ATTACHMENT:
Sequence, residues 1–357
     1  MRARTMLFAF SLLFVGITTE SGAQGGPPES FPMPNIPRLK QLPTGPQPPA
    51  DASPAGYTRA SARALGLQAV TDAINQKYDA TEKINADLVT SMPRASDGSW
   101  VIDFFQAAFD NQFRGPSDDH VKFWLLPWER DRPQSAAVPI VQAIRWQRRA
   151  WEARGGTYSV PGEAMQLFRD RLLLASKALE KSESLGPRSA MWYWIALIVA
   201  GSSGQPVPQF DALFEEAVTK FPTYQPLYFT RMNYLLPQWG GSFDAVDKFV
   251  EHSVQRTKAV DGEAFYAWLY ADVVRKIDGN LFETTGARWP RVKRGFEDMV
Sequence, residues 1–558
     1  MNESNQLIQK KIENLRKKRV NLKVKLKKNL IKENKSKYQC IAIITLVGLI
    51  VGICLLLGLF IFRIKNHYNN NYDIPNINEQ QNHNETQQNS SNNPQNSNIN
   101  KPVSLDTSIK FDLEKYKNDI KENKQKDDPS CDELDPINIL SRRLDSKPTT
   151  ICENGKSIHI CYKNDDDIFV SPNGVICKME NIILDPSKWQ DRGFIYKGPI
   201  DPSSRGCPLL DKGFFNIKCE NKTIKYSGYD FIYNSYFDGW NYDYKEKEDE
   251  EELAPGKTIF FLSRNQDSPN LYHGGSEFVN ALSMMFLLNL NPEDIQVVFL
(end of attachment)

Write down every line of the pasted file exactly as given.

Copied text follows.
Sequence, residues 1–357
     1  MRARTMLFAF SLLFVGITTE SGAQGGPPES FPMPNIPRLK QLPTGPQPPA
    51  DASPAGYTRA SARALGLQAV TDAINQKYDA TEKINADLVT SMPRASDGSW
   101  VIDFFQAAFD NQFRGPSDDH VKFWLLPWER DRPQSAAVPI VQAIRWQRRA
   151  WEARGGTYSV PGEAMQLFRD RLLLASKALE KSESLGPRSA MWYWIALIVA
   201  GSSGQPVPQF DALFEEAVTK FPTYQPLYFT RMNYLLPQWG GSFDAVDKFV
   251  EHSVQRTKAV DGEAFYAWLY ADVVRKIDGN LFETTGARWP RVKRGFEDMV
Sequence, residues 1–558
     1  MNESNQLIQK KIENLRKKRV NLKVKLKKNL IKENKSKYQC IAIITLVGLI
    51  VGICLLLGLF IFRIKNHYNN NYDIPNINEQ QNHNETQQNS SNNPQNSNIN
   101  KPVSLDTSIK FDLEKYKNDI KENKQKDDPS CDELDPINIL SRRLDSKPTT
   151  ICENGKSIHI CYKNDDDIFV SPNGVICKME NIILDPSKWQ DRGFIYKGPI
   201  DPSSRGCPLL DKGFFNIKCE NKTIKYSGYD FIYNSYFDGW NYDYKEKEDE
   251  EELAPGKTIF FLSRNQDSPN LYHGGSEFVN ALSMMFLLNL NPEDIQVVFL